Kieren Fallon will go to the High Court "and beyond if necessary" after losing an appeal against his suspension from riding in Britain.
Having adjourned Fallon's case after hearing submissions from the rider's legal team on Wednesday night, the appeal board of the Horseracing Regulatory Authority upheld their decision to prohibit him from riding in Britain in London yesterday.
Fallon, through his solicitors BCL Burton Copeland, said: "I am deeply disappointed by the refusal of the HRA to overturn my suspension from riding in the United Kingdom. I will now take the matter to the High Court, and beyond if necessary, to reinstate my rights to earn a living in the UK and participate in the sport that I love. Until I have the chance to prove my innocence in court, it is grossly unfair that I am being denied a living in Britain."
The six-times champion was last week charged as part of a police investigation into alleged race-fixing. Any trial is not expected to be before spring 2007.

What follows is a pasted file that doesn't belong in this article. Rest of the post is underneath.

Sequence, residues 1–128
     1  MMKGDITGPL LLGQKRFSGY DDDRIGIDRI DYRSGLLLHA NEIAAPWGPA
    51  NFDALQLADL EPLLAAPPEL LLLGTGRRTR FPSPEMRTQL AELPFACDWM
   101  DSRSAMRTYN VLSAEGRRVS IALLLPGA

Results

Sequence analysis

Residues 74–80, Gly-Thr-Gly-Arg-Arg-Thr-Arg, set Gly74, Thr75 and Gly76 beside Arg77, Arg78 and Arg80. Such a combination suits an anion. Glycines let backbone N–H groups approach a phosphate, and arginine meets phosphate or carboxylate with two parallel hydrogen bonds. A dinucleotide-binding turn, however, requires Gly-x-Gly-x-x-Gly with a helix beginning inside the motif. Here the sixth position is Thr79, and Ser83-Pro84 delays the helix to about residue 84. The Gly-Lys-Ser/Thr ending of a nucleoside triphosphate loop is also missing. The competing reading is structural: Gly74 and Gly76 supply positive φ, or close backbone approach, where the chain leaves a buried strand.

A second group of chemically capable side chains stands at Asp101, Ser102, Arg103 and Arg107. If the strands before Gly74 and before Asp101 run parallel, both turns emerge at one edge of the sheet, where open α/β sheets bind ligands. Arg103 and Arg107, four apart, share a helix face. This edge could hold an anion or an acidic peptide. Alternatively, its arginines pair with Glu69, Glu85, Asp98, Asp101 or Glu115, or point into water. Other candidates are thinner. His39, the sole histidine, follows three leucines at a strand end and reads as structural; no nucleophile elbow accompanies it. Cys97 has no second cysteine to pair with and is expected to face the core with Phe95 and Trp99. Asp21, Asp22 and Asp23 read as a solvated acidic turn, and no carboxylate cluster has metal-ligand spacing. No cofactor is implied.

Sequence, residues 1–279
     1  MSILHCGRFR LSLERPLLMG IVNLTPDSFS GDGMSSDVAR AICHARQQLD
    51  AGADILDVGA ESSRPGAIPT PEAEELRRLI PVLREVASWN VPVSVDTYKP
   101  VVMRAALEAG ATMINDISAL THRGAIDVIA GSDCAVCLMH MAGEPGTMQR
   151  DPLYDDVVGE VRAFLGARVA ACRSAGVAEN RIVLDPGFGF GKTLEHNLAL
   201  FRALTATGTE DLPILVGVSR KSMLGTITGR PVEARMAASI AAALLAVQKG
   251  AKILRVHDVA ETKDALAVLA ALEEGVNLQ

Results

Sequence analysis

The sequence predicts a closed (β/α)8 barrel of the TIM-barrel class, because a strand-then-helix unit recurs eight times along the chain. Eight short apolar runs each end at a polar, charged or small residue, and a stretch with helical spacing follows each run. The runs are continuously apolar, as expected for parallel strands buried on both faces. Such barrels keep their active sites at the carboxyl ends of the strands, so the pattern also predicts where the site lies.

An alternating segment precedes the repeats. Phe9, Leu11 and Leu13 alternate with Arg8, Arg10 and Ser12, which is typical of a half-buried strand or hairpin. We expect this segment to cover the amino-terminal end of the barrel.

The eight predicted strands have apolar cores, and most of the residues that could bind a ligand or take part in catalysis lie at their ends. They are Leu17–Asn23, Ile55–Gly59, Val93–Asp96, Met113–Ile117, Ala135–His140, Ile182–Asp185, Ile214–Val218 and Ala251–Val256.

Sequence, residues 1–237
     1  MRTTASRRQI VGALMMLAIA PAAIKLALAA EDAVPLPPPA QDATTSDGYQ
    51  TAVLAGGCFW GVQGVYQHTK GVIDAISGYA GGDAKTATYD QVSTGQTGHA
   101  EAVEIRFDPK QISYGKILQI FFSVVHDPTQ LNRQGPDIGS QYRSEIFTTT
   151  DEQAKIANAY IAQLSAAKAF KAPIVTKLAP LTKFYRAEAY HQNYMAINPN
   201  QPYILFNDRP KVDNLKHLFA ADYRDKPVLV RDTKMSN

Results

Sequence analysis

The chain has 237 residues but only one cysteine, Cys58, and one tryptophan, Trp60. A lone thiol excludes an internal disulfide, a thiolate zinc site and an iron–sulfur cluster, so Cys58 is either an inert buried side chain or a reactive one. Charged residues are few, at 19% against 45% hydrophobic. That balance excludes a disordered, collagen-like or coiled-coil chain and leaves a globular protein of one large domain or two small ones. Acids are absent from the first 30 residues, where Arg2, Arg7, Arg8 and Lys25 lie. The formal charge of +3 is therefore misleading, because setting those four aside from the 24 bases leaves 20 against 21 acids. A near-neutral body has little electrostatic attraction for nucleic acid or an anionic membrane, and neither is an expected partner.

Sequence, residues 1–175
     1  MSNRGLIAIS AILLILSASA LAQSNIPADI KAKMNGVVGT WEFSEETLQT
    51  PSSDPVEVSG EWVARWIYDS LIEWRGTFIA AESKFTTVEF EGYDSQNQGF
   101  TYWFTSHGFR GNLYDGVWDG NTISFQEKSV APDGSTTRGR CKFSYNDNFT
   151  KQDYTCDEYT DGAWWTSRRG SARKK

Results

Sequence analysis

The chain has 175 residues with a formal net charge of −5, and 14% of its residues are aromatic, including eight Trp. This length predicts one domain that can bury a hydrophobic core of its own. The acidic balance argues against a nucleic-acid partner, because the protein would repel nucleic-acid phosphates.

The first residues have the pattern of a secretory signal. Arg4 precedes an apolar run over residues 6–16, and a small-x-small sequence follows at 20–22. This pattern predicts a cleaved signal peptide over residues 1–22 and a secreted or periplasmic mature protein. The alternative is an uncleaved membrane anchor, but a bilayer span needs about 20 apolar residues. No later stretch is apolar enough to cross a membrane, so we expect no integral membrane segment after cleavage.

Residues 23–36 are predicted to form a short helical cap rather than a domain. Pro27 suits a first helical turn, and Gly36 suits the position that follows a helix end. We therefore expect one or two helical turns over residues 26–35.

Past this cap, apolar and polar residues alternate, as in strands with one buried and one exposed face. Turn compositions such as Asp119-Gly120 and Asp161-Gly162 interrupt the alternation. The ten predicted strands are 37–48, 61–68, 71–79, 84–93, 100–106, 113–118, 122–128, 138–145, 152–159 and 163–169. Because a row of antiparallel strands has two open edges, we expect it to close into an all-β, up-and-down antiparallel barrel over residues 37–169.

A HRA statement read: "The board received the panel's decision and reasons and, mindful of the serious criminal charges now outstanding against Kieren Fallon, decided that the panel's decision to decline to consider any of the presently available evidence was correct. Further, that the decision to prohibit him from riding in races in Great Britain until the conclusion of his trial or further order was justified. The appeal is dismissed."
The HRA said that Fallon's grounds for appeal were that "the decision had the effect of denying him his right to earn a living and would also effectively end his career as a leading jockey and is disproportionate and accordingly unlawful".
Fallon and his team also felt "the panel erred in law in declining to take into account any evidence and/or submissions on behalf of the appellant in respect of the underlying criminal charges which were the basis for the HRA's decision."
The HRA said the board was asked by Fallon's representatives to provide written reasons for its decision. These will be produced as soon as possible, according to the HRA.